5. ^ Tarraborelli, J. Randy (2004). Once Upon a Time: Behind the Fairy Tale of Princess Grace and Prince Rainier. 
  6. ^ "Shrouded in Sorrow, Princess Caroline Makes a Shaky Public Appearance". People. 3 October 1990. Retrieved 9 February 2012. 
  7. ^ Kurth, Peter (1990). "In the House of Grimaldi". Cosmopolitan. Retrieved 9 February 2012. 
  8. ^ a b "Latest news and profile of Andrea Casiraghi". Hello. 
  9. ^ "Andréa Casiraghi au nom de l'amitié". Point du Vue (in French). June 2007. Retrieved 9 February 2012. 
  10. ^ "5 July 2011". crushable.com. Andrea Casiraghi... Revealed. Retrieved 10 February 2012. 
  11. ^ "Andrea Casiraghi in Hola!". Mad for Monaco. 18 March 2011. Retrieved 9 February 2012. 
  12. ^ Weber, Bruce (June 2009). "Portraits of 'Fortune's Children'". Vanity Fair. Retrieved 9 February 2012. 
  13. ^ "Andrea Casiraghi sigue los pasos de su madre en las labores humanitarias". ¡Hola! (in Spanish). 24 August 2006. 
  14. ^ "Andrea Casiraghi supports the Fondation Motrice". La Fondation Motrice. 2007. Retrieved 9 February 2012. 
  15. ^ "Andrea Casiraghi Sponsors Hospices de Beaune Charity Auction". Royalty in the News. 15 November 2009. Retrieved 9 February 2012. 
  16. ^ "United and official: Charlene celebrates first National Day as princess". Hello. 21 November 2003. Retrieved 9 February 2012. 
  17. ^ "Monaco Rose Ball, Moroccan Style". The Royal Forums. 31 March 2010. Retrieved 9 February 2012. 
  18. ^ "Monaco Royals at the F1 Grand Prix". Royalty in the News. 16 May 2010. Retrieved 9 February 2012.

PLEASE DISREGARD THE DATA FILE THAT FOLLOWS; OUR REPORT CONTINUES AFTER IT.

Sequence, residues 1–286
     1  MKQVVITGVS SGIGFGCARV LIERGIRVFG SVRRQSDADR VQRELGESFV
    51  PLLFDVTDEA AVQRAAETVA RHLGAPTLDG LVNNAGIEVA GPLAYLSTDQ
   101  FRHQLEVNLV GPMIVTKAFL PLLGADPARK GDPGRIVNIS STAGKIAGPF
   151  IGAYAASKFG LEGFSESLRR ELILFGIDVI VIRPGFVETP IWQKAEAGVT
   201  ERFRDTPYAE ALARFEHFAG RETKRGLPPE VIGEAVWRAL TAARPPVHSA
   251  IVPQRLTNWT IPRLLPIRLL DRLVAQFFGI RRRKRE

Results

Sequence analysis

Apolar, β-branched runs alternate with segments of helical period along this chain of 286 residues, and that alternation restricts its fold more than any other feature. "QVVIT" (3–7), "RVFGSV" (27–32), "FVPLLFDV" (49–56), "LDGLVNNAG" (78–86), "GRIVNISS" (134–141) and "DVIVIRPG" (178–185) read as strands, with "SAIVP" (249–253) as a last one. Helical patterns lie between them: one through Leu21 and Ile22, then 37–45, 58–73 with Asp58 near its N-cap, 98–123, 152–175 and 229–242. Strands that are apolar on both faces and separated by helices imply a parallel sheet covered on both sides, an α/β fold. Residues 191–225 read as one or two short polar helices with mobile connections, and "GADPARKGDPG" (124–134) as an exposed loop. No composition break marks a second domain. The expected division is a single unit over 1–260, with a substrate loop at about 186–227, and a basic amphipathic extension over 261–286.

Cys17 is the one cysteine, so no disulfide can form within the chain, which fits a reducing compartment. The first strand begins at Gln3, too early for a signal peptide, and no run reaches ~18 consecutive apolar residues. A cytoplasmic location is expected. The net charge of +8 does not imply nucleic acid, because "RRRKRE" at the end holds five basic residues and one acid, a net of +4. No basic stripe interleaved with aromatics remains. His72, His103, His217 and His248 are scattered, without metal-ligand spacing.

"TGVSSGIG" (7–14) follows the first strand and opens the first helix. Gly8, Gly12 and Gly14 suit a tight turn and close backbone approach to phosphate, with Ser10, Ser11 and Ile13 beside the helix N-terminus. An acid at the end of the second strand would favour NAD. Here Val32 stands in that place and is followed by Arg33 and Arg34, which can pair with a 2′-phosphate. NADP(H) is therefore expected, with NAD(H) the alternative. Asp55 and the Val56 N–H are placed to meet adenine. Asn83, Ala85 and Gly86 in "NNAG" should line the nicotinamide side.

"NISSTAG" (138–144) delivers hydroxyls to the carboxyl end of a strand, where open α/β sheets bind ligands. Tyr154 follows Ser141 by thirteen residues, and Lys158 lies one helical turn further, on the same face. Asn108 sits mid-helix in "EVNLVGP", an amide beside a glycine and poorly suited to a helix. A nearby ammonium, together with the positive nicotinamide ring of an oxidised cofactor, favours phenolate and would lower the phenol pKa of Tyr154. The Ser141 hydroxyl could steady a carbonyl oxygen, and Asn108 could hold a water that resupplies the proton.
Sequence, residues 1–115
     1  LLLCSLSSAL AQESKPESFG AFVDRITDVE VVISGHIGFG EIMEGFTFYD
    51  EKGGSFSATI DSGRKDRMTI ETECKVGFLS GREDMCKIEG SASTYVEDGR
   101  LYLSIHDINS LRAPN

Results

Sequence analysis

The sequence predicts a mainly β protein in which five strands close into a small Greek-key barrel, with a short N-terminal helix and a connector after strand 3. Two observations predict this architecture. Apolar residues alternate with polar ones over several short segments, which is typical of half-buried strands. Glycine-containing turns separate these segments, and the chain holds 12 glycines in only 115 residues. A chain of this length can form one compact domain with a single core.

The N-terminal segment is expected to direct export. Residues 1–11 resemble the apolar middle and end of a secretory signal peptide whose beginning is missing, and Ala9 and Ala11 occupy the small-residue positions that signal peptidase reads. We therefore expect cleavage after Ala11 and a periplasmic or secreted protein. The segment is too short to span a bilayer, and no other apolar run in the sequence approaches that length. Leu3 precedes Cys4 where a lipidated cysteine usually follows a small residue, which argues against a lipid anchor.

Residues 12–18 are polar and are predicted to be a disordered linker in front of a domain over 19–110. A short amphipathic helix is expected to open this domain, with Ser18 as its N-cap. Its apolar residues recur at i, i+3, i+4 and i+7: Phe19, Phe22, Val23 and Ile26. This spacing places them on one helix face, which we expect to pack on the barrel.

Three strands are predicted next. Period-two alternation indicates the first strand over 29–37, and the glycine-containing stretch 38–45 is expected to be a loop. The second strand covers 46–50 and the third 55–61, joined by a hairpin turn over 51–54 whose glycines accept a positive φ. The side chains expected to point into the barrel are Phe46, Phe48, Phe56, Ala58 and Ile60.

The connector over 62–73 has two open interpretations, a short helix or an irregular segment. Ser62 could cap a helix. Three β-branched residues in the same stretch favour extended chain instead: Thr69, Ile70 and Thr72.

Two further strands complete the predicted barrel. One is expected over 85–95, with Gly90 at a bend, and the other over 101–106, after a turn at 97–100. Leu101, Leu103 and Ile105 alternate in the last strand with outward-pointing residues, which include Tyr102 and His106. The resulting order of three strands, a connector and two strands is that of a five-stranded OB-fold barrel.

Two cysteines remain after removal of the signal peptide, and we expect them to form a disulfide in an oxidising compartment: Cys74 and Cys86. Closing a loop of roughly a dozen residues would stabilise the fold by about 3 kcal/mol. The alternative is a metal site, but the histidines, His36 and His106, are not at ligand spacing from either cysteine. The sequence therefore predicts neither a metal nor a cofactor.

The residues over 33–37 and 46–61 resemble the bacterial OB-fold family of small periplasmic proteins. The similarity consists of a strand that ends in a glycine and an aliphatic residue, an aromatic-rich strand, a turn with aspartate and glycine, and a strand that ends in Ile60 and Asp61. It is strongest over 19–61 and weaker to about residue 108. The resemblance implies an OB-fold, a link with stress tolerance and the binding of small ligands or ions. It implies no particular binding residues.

19. ^ "Younger generation host annual Rose Ball following the death of Princess Antoinette". Hello. 21 March 2011. Retrieved 9 February 2012. 
  20. ^ "The Casiraghi Siblings Represent Monaco’s Princely Family at Rose Ball". Royalty in the News. 19 March 2012. Retrieved 9 February 2012. 
  21. ^ "La familia real de Mónaco, anfitriona de los invitados de la realeza en la esperada boda del principado". ¡Hola! (in Spanish). 2 July 2011. Retrieved 10 February 2012. 
  22. ^ "Andrea Casiraghi y su novia, Caroline, pasean a su cerdito por las calles de París". ¡Hola! (in Spanish). 23 May 2003. Retrieved 9 February 2012. 
  23. ^ "¿Quién es María Jurado, la joven con quien se relaciona a Andrea Casiraghi?". ¡Hola! (in Spanish). 24 July 2003. Retrieved 9 February 2012. 
  24. ^ "Andrea Casiraghi profile". www.nettyroyal.nl. Retrieved 9 February 2012. 
  25. ^ "Andrea Casiraghi pizzicato a 200 all'ora". ANSA (in Italian). 20 December 2011. Retrieved 9 February 2012. 
  26. ^ Cox, Nathalie (30 November 2010). "Andrea Casiraghi, the "Wildcard" of Monaco". The Royal Forums. Retrieved 9 February 2012. 
  27. ^ "Andrea Casiraghi: Royal". People. 10 May 1999. Retrieved 9 February 2012. 
  28. ^ Gardner, Anthony (June 2003). Town & Country. 
  29. ^ "Masako and Andrea top our royal style poll". Hello. 6 October 2003. Retrieved 9 February 2012. 
  30. ^ "The 20 Hottest Young Royals – 10. Andrea Casiraghi". Forbes. 27 May 2008. Archived from the original on 30 May 2008. Retrieved 4 June 2008. 
  31. ^ "Kate pips Diana in poll of most beautiful Royal: Bride-to-be runner-up to Princess Grace of Monaco and Queen Rania of Jordan". Daily Mail. 19 April 2011. Retrieved 9 February 2012. 
  32. ^ "Feast of Saint Sebastian". Prince's Palace of Monaco. 20 January 2012. Retrieved 9 February 2012. 
  33. ^ "Andrea Casiraghi ranks corporal". The Riviera Times. 23 January 2012. Retrieved 9 February 2012. 

External links[edit]

Lines of succession
Preceded by
The Princess of Hanover
Line of succession to the Monegasque throne
2nd position
Succeeded by
Alexandre Casiraghi